Sunday, May 9, 2010

Productivity Paradox?

An article by Shaun Hendy about New Zealand's poor recent productivity growth points to a paper by McCann. As trade barriers with New Zealand's larger continental neighbor have fallen, New Zealand's productivity growth has been anemic. This is the productivity paradox. Hendy points out that the same thing is going on between Australian states, and links to a paper on the poor performance of South Australia's economy relative to the rest of the country. What's going on?

Hendy argues that as barriers to movement of capital and talent fall, capital and talent will tend to enucleate around the same locations and they will concentrate geographically, in what could be considered a big coordination game. How many Australians are moving to New Zealand to further their careers or find investors? How many people from Sydney are moving to Adelaide?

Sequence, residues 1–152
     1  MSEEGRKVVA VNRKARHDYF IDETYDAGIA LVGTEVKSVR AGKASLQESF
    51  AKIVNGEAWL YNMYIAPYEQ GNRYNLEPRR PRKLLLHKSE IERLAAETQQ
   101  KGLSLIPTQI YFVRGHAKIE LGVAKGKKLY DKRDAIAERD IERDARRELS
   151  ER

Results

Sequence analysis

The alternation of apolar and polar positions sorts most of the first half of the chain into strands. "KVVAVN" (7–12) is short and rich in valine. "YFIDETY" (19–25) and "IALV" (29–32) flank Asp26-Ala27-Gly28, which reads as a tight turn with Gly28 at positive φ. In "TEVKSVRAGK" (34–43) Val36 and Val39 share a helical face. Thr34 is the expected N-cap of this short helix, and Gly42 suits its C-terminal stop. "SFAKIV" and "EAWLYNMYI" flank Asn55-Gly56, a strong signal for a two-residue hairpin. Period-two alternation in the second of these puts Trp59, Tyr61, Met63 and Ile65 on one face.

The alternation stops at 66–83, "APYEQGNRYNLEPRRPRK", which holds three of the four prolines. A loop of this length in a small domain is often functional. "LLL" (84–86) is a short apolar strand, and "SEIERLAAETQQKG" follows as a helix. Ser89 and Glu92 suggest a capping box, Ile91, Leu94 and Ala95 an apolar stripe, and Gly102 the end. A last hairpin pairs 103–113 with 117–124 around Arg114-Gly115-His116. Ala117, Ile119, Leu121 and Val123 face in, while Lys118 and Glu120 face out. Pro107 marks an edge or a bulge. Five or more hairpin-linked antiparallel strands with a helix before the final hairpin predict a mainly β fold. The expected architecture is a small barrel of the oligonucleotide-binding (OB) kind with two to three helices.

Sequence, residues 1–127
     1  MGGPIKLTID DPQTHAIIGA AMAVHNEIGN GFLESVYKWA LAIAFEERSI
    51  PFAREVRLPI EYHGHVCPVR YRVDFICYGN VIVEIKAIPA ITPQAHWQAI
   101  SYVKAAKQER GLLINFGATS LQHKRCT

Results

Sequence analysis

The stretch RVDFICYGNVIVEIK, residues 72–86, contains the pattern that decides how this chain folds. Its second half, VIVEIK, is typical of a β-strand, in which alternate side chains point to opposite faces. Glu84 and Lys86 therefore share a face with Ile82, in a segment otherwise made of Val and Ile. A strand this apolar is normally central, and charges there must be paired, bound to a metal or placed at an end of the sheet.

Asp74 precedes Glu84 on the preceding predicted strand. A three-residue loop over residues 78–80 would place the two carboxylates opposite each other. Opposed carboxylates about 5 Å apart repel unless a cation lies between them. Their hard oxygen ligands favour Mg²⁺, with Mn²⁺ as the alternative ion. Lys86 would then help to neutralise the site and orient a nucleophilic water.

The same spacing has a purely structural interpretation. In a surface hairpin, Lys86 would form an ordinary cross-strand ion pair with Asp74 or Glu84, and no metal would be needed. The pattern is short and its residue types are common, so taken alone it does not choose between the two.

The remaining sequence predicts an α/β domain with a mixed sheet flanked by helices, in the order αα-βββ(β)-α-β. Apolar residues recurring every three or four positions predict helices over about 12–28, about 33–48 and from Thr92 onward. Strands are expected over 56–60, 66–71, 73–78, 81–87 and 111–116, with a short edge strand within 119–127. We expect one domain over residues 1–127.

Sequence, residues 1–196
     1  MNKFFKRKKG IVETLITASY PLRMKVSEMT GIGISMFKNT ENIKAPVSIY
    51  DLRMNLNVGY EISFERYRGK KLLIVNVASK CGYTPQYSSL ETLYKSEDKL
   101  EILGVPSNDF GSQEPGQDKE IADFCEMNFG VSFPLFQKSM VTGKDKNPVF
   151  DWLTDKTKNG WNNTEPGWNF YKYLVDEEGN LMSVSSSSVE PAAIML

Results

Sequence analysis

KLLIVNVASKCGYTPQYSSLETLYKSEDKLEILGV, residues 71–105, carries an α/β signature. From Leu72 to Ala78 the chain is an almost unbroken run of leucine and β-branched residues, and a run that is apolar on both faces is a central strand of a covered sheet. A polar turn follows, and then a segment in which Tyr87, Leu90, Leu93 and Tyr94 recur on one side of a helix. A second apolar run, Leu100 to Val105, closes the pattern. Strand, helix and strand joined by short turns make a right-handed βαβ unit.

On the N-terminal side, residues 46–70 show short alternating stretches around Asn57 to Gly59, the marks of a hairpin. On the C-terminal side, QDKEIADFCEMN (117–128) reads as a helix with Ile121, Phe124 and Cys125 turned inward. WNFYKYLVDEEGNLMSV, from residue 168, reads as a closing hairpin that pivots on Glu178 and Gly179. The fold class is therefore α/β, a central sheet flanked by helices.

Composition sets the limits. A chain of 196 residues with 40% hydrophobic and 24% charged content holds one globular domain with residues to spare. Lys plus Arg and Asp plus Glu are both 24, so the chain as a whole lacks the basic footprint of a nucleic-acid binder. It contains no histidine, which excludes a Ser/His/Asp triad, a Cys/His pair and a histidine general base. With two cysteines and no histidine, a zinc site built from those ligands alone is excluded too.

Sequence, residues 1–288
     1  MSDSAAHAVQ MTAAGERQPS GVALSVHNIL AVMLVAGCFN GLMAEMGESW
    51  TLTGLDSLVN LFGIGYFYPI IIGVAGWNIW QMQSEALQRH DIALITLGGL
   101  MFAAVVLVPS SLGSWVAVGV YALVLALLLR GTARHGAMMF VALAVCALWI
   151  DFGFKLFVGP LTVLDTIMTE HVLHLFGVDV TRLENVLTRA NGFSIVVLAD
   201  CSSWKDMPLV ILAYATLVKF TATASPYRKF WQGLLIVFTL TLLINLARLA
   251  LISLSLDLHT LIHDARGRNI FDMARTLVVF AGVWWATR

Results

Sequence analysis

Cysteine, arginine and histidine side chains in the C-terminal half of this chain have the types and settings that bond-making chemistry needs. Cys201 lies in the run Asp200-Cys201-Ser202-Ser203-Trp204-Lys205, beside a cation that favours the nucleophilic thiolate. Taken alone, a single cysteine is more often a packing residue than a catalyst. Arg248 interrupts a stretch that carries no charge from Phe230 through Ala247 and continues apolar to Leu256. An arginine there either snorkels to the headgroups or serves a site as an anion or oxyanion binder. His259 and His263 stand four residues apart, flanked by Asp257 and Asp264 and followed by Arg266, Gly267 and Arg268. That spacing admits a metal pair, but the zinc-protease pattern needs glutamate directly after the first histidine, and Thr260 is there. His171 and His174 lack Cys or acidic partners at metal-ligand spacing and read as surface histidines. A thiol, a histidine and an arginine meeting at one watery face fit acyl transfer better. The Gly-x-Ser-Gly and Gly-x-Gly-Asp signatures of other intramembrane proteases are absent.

It's worth asking this same question for the United States. Anecdotally, I have known this recession to have forced multiple families to move to the coasts, and if this is representative, it's going to accelerate an internal U.S. productivity paradox. While Richard Florida's vision of vibrant, tolerant, creative-class-oriented cities is certainly a positive one, not everybody can be San Francisco and Seattle - and we may see a runaway productivity paradox within the U.S. The only productivity growth map I could find (below) does not show a clear separation by region, but it predates this recession.

From Steve Cochrane at

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